When the only Federal program that provided funding for gifted education was threatened, I traveled to Washington DC and worked with advocates from across the country to make our case to members of Congress. Yelling at the school board wouldn’t have accomplished anything. Funding for the program was preserved, and OSPI was able to obtain a grant through the program that was used to create a free professional development program accessible to districts across our state. I was then able to go to districts and advocate they use this new free resource.

I’ve received awards for my advocacy work in a school by local PTAs, in our county by the Puyallup PTA Council, and in our state by the Washington Educators of the Talented and Gifted. I know all about challenging things that aren’t right, and I know that to do it effectively I have to make my case to the people who can actually do something about it.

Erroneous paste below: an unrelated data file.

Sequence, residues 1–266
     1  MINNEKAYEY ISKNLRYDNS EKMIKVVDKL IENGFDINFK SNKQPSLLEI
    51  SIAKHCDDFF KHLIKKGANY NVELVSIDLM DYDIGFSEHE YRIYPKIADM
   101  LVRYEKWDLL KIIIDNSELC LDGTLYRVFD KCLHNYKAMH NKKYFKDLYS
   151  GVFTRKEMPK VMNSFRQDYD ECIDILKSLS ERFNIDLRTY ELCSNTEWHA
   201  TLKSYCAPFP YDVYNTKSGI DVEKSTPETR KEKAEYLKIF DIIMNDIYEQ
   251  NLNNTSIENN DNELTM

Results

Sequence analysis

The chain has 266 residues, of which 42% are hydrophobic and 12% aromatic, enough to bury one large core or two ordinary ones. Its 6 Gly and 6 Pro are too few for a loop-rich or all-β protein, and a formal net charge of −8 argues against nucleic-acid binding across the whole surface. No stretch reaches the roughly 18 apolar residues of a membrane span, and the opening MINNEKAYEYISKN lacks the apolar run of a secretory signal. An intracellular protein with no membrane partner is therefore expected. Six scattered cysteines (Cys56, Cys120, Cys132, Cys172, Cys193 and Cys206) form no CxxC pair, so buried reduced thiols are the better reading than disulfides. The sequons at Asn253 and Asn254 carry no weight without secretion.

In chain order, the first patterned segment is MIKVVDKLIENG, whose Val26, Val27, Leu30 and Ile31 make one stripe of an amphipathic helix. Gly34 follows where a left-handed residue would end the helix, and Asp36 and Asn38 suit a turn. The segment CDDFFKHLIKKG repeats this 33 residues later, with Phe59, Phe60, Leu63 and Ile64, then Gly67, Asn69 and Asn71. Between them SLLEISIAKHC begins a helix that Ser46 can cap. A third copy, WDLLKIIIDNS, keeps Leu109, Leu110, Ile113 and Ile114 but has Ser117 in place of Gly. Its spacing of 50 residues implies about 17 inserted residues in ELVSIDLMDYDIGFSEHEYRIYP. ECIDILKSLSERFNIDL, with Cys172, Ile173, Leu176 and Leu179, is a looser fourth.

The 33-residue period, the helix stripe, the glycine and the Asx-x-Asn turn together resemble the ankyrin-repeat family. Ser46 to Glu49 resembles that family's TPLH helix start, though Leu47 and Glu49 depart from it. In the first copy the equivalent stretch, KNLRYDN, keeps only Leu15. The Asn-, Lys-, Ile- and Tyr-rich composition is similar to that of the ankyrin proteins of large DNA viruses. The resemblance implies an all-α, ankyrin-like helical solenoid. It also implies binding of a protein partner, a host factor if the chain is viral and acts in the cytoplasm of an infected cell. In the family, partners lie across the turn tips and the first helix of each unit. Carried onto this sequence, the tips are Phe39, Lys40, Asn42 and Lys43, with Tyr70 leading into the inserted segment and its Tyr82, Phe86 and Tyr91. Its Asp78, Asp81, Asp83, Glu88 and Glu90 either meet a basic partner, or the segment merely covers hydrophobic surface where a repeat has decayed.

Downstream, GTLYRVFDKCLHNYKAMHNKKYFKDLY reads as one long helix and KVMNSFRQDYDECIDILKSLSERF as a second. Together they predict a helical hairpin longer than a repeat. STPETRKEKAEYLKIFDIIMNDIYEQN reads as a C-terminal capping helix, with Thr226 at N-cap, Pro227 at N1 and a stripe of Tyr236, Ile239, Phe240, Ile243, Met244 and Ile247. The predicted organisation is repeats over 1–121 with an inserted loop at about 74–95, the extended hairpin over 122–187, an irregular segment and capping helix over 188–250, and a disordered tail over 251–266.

The decision on mask wearing is not a decision the school board has the authority to make. If people are sincere about changing that, they need to address their advocacy to the people who do have that authority. When faced with injustices, that’s what I’ve done, and that’s what I will continue to do as a Director.”

I was later asked to clarify my position: “Is it your belief that the school board doesn’t have the power to make any decision on this?” This was my answer:

“I think it’s getting more likely every day that the DOH could make masking optional, rather than required, by fall. If they do, it would almost certainly come with other conditions. I would expect the DOH to be very explicit about what would be acceptable, and not allow each board to figure that out individually. If they didn’t, I would expect Directors across the state to demand better. School Boards aren’t public health departments, and aren’t comprised of public health experts. This should be a decision rooted in public health, not politics. It’s difficult to imagine any recommendation that would endorse a complete return to how things were pre-pandemic, at least not until vaccines received complete approval, including for children under 12.